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At the end of July 2020, for the first time in the history of the European Union, sanctions were imposed on entities and individuals who carry out cyber attacks on communities and member states.
Sanctions against those responsible for cyber attacks were made possible by the Law of 17 May 2019 adopted by the Council of the European Union, which introduced provisions to punish cybercriminals. The introduction of such a law is a response to the growing number of cyber-attacks which pose a threat to the EU and its members. In order to achieve security and within the framework of the common foreign policy, these provisions can also apply to cyber attacks against third countries or international organisations.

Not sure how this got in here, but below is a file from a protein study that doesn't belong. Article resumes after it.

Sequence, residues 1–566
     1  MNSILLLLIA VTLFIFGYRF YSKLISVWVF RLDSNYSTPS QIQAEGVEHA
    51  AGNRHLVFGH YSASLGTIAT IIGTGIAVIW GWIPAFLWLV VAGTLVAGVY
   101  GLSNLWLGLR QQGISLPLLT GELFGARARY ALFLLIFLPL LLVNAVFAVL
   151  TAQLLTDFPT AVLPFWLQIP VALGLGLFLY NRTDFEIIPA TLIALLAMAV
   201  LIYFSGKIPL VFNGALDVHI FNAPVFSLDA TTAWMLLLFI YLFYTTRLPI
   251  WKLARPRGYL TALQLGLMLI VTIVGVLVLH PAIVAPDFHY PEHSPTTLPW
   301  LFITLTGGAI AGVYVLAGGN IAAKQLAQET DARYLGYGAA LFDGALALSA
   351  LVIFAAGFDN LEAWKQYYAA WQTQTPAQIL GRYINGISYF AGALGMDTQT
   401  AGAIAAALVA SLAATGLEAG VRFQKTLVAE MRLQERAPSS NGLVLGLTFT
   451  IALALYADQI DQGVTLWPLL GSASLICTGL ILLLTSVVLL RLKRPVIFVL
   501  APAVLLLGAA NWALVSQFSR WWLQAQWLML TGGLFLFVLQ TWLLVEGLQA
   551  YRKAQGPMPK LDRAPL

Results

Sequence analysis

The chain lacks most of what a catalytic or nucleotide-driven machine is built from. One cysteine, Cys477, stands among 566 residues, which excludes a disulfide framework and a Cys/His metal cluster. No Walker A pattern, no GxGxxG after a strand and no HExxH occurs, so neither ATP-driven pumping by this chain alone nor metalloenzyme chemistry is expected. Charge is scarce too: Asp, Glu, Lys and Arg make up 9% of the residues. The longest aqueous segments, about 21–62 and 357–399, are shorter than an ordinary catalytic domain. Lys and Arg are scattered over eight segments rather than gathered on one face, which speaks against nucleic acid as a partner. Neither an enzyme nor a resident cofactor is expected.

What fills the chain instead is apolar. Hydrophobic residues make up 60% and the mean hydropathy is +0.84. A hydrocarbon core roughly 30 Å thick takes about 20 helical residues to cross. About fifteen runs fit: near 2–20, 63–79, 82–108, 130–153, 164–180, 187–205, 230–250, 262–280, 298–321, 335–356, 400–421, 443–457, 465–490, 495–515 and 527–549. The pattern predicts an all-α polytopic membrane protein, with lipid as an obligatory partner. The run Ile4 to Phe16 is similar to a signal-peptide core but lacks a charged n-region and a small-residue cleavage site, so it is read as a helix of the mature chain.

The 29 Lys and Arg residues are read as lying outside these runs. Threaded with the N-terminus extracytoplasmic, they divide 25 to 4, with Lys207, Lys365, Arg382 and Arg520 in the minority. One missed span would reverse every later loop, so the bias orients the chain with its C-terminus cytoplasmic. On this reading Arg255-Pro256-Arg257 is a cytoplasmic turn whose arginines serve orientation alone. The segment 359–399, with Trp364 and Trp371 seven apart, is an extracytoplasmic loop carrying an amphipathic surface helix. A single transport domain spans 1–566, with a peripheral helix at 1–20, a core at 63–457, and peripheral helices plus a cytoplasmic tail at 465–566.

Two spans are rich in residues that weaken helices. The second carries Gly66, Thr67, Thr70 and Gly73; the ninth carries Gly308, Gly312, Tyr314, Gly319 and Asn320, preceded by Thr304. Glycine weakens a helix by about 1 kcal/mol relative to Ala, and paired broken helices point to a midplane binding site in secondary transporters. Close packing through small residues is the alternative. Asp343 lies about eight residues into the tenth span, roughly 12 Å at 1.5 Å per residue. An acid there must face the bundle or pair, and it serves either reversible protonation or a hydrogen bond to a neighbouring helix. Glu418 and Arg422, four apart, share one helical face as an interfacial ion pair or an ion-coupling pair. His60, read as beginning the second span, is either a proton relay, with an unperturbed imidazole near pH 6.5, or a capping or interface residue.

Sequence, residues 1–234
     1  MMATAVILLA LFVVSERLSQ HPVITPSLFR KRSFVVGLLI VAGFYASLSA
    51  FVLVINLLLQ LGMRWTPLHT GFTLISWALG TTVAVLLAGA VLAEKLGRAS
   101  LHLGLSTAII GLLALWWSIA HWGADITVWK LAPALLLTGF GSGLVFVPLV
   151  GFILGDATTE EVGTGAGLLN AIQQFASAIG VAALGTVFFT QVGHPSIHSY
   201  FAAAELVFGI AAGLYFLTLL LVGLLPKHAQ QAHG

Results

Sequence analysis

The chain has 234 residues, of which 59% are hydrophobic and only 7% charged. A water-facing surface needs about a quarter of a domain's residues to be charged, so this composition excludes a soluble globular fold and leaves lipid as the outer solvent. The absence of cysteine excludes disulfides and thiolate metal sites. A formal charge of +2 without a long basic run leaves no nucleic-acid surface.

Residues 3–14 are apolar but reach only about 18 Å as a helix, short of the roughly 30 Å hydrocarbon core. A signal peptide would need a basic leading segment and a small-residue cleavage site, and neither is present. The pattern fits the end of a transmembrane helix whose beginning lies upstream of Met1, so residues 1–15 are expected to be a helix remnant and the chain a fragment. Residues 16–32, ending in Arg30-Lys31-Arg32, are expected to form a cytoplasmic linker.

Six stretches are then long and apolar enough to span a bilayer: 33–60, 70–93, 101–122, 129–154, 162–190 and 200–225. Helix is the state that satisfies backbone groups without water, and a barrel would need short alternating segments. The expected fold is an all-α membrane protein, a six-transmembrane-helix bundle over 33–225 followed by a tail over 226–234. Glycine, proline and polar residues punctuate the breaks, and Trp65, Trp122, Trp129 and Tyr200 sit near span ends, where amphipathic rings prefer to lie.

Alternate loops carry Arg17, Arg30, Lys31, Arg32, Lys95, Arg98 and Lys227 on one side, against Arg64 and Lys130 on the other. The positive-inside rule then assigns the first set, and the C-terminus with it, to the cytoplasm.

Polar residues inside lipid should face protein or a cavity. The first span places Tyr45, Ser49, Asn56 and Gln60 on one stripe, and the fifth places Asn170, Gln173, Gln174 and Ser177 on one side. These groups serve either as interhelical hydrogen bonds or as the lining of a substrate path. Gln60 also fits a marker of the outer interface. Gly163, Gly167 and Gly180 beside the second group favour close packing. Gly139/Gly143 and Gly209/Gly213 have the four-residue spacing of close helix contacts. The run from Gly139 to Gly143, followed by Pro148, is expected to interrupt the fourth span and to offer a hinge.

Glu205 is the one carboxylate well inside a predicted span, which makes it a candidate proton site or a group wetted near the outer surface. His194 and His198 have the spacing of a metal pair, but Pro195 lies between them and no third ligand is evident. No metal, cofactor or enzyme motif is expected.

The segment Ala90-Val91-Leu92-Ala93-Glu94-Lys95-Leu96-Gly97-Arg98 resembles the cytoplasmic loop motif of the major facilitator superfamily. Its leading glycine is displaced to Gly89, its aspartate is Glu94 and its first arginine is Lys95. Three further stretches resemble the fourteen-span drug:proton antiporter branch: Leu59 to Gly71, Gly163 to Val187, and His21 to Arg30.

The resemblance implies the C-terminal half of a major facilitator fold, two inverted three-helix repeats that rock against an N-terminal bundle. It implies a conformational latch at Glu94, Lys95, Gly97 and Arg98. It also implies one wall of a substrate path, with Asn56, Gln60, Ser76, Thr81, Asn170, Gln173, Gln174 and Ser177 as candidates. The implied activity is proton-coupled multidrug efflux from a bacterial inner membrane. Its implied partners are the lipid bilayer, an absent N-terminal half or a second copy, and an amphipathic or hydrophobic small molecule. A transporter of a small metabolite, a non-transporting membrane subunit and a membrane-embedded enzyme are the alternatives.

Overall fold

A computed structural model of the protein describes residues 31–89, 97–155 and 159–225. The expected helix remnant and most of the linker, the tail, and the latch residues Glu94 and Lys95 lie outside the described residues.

30 July 2020 The Council of the EU decided to impose sanctions on 6 individuals and 3 entities responsible for the 2017 cyber attacks against the OPCW (Organisation for the Prohibition of Chemical Weapons) and attacks known as ‘WannaCry’, ‘NotPetya’ and ‘Operation Cloud Hopper’. According to unofficial information, Russian military intelligence was behind the attacks. The sanctions consist of a travel ban and asset freeze on EU territory. In addition, member states cannot provide funds to sanctioned entities.
The European Union is aware of the growing threat posed by cyber attacks. It has recently taken steps to establish a stable, peaceful and secure cyberspace.
We will continue to strengthen our cooperation to promote international security and stability in cyberspace, increasing global resilience, and raising awareness of cyber-threats and malicious cyberspace. “added EU Head of Diplomacy Josep Borrell.